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Related subjects: Dinosaurs

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Temporal range: Middle Jurassic
Eustreptospondylus head in the Oxford University Museum of Natural History.
Scientific classification
Kingdom: Animalia
Phylum: Chordata
Class: Sauropsida
Superorder: Dinosauria
Order: Saurischia
Suborder: Theropoda
Family: Megalosauridae
Subfamily: Eustreptospondylinae
Genus: Eustreptospondylus
Species: E. oxoniensis
Binomial name
Eustreptospondylus oxoniensis
Walker, 1964

Eustreptospondylus ("well-curved vertebra", in reference to the arrangement of the spine in the original fossil) was a genus of megalosaurid dinosaurs from the Callovian stage of the Middle Jurassic period (164.7-161.2 million years ago) in southern England, at a time when Europe was a series of scattered islands (due to tectonic movement at the time which raised the sea-bed and flooded the lowland). Eustreptospondylus is thought to have been between 5-7 meters long (17-23 feet) and around 2 meters tall (6 ft 6 in). It was carnivorous, bipedal and had a stiffened tail. It was a typical theropod, with powerful hind limbs, erect posture and small forelimbs.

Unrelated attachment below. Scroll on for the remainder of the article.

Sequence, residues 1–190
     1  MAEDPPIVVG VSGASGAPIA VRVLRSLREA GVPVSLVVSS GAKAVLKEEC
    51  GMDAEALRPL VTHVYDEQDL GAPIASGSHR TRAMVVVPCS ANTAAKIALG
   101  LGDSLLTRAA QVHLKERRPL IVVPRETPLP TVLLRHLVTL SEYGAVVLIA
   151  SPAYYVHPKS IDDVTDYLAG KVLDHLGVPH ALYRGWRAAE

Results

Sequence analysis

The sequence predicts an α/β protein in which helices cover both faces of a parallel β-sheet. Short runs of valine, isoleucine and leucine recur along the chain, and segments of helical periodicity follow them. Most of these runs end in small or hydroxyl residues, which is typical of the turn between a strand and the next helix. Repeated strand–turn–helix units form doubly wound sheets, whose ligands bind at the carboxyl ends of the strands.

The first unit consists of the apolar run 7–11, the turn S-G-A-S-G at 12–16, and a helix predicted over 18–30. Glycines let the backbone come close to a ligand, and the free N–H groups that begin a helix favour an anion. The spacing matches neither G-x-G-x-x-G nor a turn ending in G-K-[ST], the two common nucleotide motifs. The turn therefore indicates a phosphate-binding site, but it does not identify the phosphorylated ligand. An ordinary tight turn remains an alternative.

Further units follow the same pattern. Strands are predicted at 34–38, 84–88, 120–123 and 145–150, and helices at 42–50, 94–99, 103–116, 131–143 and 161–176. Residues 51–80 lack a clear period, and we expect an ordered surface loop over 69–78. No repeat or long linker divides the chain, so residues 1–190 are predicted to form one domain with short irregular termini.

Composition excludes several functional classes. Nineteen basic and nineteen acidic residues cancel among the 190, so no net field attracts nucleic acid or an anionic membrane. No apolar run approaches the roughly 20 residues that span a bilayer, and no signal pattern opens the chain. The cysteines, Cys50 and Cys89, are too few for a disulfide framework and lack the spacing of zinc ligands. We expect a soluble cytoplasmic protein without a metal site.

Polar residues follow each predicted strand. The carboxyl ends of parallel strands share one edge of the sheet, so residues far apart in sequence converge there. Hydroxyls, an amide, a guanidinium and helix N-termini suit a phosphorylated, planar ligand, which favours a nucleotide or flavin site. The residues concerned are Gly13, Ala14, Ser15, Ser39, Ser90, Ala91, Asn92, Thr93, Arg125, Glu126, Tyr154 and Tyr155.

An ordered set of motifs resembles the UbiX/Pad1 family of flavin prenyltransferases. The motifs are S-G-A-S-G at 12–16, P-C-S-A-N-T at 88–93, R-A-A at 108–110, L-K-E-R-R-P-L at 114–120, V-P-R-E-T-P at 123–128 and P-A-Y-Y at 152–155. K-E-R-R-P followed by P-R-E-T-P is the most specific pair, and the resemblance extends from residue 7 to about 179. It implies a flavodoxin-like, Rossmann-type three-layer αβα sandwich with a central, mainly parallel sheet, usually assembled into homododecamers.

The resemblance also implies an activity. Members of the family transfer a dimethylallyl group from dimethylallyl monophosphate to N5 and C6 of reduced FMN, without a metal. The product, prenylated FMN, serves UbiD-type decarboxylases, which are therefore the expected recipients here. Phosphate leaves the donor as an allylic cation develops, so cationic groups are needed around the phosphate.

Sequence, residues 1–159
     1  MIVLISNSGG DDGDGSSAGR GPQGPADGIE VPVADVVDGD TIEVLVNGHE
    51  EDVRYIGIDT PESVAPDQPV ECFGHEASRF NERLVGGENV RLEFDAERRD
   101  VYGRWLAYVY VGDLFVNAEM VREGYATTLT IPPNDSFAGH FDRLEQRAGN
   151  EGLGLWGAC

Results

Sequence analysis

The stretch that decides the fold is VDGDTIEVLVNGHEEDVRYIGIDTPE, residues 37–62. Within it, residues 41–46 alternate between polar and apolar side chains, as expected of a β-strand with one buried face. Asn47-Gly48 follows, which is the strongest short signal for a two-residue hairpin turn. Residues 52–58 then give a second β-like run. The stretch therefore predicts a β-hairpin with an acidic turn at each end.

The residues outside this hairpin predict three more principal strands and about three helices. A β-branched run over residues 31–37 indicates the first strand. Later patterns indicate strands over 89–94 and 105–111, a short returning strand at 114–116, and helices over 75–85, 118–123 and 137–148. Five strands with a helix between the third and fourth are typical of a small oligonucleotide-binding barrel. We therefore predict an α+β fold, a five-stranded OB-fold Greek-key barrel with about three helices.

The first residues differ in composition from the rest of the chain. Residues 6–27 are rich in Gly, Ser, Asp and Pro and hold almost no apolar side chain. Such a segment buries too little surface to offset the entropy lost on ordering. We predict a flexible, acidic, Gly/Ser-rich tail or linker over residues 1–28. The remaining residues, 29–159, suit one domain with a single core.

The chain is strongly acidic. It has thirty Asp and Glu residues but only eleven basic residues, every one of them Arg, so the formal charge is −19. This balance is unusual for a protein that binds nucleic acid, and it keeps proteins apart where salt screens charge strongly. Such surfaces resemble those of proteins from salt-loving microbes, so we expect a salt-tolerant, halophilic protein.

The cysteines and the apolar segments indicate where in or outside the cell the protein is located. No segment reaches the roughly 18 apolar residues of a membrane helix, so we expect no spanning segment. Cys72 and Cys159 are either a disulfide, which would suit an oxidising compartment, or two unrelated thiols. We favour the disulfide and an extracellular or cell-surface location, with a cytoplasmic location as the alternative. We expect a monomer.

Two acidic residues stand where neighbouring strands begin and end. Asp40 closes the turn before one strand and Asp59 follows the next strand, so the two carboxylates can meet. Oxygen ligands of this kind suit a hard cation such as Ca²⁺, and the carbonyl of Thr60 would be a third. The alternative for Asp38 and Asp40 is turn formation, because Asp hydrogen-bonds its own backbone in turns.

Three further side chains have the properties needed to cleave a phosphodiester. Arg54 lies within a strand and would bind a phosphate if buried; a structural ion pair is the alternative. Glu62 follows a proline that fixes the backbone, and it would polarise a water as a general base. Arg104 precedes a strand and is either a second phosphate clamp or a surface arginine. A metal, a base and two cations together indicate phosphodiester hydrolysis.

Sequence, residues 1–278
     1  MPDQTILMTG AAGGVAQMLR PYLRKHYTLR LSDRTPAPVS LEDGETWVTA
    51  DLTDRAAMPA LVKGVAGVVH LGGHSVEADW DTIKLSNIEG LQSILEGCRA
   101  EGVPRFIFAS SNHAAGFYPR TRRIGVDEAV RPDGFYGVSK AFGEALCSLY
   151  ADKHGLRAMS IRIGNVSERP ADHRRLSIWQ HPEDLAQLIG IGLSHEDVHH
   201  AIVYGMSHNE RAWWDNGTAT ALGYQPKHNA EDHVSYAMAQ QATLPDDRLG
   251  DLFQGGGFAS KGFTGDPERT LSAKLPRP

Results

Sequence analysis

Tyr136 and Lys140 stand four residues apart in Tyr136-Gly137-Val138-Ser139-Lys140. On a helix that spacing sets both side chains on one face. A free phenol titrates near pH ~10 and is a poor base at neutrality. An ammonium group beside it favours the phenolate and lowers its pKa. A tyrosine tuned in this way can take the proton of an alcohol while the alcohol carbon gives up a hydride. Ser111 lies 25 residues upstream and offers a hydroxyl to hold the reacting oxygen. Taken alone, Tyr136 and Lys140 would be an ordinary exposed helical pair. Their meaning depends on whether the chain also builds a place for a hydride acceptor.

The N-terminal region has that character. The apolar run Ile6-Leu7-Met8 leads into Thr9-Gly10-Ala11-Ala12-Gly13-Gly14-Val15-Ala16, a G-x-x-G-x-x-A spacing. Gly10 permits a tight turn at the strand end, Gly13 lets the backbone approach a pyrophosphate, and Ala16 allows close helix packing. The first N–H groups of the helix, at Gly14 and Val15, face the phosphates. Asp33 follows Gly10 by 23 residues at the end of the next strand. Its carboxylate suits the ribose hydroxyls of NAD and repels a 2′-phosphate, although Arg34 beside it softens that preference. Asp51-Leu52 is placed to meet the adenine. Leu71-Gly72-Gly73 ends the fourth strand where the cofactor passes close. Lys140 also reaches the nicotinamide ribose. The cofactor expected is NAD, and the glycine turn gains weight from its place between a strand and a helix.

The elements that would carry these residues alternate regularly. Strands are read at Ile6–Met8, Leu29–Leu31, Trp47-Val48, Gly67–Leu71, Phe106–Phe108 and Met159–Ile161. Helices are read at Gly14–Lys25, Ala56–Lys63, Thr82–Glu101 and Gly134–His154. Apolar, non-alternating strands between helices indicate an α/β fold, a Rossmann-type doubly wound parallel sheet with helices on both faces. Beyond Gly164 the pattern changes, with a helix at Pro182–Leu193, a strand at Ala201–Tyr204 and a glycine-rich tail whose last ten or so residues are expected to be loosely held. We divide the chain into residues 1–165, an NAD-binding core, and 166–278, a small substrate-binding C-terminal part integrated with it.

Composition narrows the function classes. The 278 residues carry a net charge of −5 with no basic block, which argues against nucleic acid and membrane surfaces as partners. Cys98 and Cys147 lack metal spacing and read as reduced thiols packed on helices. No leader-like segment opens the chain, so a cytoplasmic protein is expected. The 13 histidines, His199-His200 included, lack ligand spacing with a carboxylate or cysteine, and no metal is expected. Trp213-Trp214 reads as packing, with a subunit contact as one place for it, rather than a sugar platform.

Eustreptospondylus skeleton.

Eustreptospondylus was described originally by Sir Richard Owen, in 1841, as a new species of Megalosaurus ("M. cuvieri"). This specimen, found in a brickpit in the Oxford Clay, north of Oxford, England, has since been lost but its description, when compared to 're-discovered' material, makes it likely that it was indeed from the species Eustreptospondylus oxoniensis. Eustreptospondylus had also, prior to Walker's redescription in 1964, been assigned to the species Streptospondylus cuvieri. In 2000, Rauhut found that only minor differences in the hip bones make Eustreptospondylus different from a previously known megalosaur called Magnosaurus and, in 2003, he proposed that they should be the same genus (which would make the full species name Magnosaurus oxoniensis).

In popular culture

Eustreptospondylus was featured in episode 3 of BBC's Walking with Dinosaurs, "Cruel Sea". One is eaten by a Liopleurodon while fishing.

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